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|Acknowledgments and Author's Note||xi|
|CHAPTER ONE Before 1775: The Road to Revolution||1||(36)|
|CHAPTER TWO 1775-1776: Independence||37||(41)|
|CHAPTER THREE 1776-1778: War and a Nascent Nation||78||(31)|
|CHAPTER FOUR 1778-1782: Still More War and Home-front Activism||109||(35)|
|CHAPTER FIVE 1782-1787: Peace and Diplomacy||144||(42)|
|CHAPTER SIX 1787-1789: Constitution and the First Election||186||(41)|
|CHAPTER SEVEN After 1789: Raising a Nation||227||(52)|
|Cast of Characters||279||(4)|
Stirrings of Discontent
When you hear of a family with two brothers who fought heroicallyin the Revolutionary War, served their state in high office, and emerged as key figures in the new American nation,don't you immediately think, "They must have had a remarkablemother"? And so Charles Cotesworth Pinckney and Thomas Pinckney did. Today Eliza Lucas Pinckney would be the subject of talkshow gabfests and made-for-TV movies, a child prodigy turned into a celebrity. In the eighteenth century she was seen as just a considerate young woman performing her duty, with maybe a bit too much brainpowerfor her own good.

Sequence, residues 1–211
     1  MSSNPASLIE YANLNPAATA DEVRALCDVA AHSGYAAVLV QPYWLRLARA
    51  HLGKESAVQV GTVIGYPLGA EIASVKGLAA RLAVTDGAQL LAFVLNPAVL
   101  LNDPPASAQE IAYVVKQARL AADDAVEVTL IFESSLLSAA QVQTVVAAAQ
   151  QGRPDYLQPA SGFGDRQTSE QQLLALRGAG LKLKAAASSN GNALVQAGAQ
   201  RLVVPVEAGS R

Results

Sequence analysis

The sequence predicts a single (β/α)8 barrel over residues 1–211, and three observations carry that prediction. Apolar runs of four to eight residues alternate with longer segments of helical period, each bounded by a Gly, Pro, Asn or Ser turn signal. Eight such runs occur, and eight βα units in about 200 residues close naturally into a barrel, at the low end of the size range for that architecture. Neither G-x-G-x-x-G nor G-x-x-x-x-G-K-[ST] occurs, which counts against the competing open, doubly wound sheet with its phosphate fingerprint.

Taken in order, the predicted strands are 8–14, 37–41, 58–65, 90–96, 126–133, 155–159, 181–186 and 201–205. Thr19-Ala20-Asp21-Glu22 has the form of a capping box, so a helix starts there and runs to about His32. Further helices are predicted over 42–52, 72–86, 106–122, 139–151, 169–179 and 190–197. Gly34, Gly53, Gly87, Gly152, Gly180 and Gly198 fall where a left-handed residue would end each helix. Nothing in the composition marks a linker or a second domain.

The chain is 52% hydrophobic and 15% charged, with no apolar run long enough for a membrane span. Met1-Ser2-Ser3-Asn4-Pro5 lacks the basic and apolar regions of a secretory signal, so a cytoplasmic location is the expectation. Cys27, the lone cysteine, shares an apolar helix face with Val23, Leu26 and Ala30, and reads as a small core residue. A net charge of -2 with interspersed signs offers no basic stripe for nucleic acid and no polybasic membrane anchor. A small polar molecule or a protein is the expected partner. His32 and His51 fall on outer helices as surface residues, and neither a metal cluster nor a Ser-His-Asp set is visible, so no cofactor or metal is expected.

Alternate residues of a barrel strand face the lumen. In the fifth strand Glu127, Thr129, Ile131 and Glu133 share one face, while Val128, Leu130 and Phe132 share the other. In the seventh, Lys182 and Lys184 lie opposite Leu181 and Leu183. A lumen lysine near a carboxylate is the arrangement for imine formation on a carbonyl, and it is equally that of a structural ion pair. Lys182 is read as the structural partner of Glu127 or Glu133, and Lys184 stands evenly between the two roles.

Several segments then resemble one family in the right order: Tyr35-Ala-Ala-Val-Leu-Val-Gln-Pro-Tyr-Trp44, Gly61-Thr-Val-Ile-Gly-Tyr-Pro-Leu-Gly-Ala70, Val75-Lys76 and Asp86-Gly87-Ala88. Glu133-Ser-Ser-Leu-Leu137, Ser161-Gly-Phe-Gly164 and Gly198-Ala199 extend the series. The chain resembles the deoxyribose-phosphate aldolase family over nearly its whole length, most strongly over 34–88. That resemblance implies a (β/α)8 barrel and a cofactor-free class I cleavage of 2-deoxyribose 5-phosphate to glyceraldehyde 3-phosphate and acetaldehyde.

George Lucas brought his English wife and daughters to South Carolina in 1734 to claim three plantations left to him by his father.Before long, however, Lucas left for Antigua to rejoin his regiment infighting the war against Spain, leaving his sixteen-year-old daughterin charge of all the properties, plus her ailing mother and toddler sister.(The Lucas sons were at school in England.) Can you imagine asixteen-year-old girl today being handed those responsibilities? ElizaLucas willingly took them on. Because she reported to her father onher management decisions and developed the habit of copying herletters, Eliza's writings are some of the few from colonial women thathave survived.